Archive / March, 2014

Noah Found Grace

Earlier today, I heard a good bit of thunder, looked out my window and saw it was raining. But by midday, the rain had stopped and eventually the sun shone brightly. As someone familiar with rain, I knew it would eventually end. For the last couple weeks, there’s been no end of talk about the new […]

Where Kudzu Grows

Today in Savannah, Georgia, a parade and street fair were celebrated to honor the memory of writer Flannery O’Connor. If you’ve read much of this blog, you’ll be familiar with posts I’ve written about her. I’m often reminded of O’Connor when I come across Pulitzer Prize winner (for editorial writing) Paul Greenberg‘s occasional discussions of the […]

The More We Learn . . .

The posts at Serious Thoughts Taken Not So Seriously blog offer a refreshingly honest look at the world. A wife, mom and all-around versatile writer living in New York, Kate Bortell’s posts frequently pique my interest because she provides an engaging and playful take on sometimes mundane topics. As an example, her March 22nd post, “The more I learn the less […]

God Puts The Lonely In Families

After yesterday’s post, I decided I needed to expand today on the details I mentioned about my younger sister. (So if you haven’t read that post about my older/younger sister, you might go back and read that first.) When my sister Nadja died, I was 6½ years old. Hers was the first death I’d encountered […]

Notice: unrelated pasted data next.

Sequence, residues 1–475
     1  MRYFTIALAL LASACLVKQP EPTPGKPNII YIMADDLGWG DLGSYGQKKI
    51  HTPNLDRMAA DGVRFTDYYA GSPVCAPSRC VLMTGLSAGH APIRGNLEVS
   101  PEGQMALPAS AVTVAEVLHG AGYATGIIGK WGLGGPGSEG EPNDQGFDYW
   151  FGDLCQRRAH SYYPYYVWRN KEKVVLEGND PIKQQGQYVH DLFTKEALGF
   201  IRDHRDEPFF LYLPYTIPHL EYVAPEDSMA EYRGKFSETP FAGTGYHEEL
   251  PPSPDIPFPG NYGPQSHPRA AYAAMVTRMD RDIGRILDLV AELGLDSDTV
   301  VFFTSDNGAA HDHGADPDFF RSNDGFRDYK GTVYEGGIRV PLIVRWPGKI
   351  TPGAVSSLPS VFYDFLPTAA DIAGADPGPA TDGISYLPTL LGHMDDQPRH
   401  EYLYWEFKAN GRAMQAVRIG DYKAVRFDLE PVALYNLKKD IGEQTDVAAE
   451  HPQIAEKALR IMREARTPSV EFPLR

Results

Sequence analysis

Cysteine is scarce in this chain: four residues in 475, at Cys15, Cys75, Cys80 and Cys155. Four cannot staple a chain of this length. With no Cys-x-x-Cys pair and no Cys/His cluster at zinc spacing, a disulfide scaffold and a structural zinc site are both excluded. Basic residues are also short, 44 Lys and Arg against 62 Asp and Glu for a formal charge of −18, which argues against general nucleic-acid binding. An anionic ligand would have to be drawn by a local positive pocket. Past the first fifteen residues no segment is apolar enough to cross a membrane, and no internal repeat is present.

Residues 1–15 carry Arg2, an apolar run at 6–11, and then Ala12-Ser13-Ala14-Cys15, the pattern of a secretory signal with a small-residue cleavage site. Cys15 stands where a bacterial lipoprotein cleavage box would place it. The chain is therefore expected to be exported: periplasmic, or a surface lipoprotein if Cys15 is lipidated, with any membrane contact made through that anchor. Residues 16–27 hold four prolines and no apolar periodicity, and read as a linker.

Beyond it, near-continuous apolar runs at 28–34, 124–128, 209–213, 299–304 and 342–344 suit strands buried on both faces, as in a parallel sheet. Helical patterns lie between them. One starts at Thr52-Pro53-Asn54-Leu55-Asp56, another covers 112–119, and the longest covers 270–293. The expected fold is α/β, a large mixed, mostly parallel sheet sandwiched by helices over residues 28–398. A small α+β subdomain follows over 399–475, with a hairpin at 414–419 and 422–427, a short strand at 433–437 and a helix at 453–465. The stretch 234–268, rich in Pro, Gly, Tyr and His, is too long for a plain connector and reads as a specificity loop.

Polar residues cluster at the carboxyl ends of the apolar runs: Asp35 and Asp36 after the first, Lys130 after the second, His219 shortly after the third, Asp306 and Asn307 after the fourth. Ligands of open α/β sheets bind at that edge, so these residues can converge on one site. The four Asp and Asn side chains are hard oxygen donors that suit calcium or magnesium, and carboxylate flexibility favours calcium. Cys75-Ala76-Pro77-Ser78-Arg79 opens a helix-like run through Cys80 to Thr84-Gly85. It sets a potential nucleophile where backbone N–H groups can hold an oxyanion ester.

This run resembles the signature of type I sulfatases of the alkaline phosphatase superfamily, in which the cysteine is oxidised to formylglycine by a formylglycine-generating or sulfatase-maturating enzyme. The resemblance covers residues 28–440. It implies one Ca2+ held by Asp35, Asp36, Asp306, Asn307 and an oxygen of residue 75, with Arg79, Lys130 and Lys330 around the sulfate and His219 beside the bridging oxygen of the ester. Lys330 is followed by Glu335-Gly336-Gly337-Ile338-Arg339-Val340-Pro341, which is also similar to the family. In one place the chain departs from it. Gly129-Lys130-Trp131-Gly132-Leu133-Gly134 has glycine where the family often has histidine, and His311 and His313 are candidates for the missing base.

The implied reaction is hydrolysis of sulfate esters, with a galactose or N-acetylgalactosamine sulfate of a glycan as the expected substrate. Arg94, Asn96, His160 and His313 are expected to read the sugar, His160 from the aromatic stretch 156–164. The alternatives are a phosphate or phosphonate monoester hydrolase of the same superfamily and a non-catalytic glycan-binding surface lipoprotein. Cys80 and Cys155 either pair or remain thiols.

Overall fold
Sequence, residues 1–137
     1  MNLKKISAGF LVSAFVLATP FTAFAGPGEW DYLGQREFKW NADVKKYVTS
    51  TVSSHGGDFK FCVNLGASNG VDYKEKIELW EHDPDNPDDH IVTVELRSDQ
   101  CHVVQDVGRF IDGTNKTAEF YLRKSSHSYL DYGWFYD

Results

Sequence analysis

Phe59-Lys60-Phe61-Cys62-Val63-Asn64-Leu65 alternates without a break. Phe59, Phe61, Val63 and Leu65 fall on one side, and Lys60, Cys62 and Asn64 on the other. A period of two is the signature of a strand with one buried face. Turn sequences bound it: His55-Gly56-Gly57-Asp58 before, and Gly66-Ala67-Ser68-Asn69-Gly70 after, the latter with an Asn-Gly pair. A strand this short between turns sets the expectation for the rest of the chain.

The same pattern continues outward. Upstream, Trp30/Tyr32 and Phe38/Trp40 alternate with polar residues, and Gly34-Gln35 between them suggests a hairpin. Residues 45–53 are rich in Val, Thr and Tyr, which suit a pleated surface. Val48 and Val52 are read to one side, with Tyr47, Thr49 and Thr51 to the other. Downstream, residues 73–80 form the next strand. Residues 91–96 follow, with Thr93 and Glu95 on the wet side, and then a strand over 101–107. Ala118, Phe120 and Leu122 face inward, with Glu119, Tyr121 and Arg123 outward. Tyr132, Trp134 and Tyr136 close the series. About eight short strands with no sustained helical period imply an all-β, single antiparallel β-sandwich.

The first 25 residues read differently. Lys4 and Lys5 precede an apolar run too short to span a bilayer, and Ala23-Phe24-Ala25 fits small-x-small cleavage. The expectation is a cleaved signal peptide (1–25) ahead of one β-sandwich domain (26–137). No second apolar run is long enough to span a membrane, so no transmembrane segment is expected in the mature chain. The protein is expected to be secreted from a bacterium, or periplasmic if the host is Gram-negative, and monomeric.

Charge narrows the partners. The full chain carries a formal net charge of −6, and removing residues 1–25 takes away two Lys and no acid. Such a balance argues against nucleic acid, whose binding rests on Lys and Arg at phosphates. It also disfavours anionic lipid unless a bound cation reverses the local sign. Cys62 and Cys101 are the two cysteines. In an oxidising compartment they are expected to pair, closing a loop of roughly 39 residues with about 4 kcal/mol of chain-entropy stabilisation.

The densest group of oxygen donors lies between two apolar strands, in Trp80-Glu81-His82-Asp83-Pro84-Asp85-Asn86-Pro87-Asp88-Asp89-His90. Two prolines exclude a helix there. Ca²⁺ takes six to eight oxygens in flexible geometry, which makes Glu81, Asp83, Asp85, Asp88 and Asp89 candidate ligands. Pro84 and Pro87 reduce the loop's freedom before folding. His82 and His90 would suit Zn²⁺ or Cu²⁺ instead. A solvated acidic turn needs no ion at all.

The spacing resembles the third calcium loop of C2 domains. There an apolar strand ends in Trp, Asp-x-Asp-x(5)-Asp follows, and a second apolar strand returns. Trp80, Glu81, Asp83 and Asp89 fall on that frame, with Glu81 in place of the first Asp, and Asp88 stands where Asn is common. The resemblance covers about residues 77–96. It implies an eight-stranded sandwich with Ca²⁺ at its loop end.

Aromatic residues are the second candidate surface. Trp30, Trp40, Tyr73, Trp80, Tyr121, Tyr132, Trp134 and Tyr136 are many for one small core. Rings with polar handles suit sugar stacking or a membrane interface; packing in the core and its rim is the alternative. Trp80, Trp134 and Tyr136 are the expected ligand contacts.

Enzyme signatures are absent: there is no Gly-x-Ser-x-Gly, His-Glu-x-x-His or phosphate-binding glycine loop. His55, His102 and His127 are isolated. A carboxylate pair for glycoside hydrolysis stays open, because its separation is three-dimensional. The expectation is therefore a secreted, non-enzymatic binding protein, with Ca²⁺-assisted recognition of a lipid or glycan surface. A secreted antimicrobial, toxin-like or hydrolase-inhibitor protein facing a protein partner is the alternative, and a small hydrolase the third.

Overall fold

Safe In His Arms

Less than two weeks from today, my family and I will quietly acknowledge the short life of my younger sister, Nadja Kaye Stricker. She was born on April 8, 1954 and died on July 30, 1955 of intussusception, a medical condition that causes a portion of the intestine to telescope within itself. When the condition […]

Listening Classically

In multiple other posts on this blog, I’ve written about music. From the time I was old enough to verbalize, I sang. All through my early years, I soloed often and joined with various music groups to express myself vocally. After I sang a class assignment (rather than speaking it), my seventh grade speech teacher declared I’d be […]

Evil . . . Quiet and Tidy

It’s called Waste-to-Energy and sounds like a practical but innocuous program where waste products are incinerated to generate energy. But the program has come under new scrutiny with the recent revelation that hospitals in the UK acknowledged at least 15,500 dead babies (some aborted and others from miscarriages) have been intentionally incinerated as “clinical waste.” […]

Sneezing Into Spring

Spring! A season of rebirth, of new beginnings, of enjoying the outdoors and sunshine. So delightful for almost everyone! And so miserable for those of us who suffer allergies! As glad as I am to say goodbye to Winter, the onset of seasonal allergies has a way of making me wish for another hard freeze. […]

Breaking Away

During the early years of my life, Sunday was actually considered a “day of rest.” We’d spend the morning attending Sunday School and Church, of course, but after we’d had lunch, everyone laid down for a mid-afternoon nap. The house was probably quieter than any other time of the week. It was a respite from […]

Each One, A Precious Gift

Yesterday was World Down Syndrome Day. In a post I wrote last year, The Quest for Perfect, I included a video link that featured my niece, Charlotte (shown to the left). Then not long ago, my daughter-in-law told me her good friend was pregnant and fearful the child she carried had Down syndrome. My response was […]

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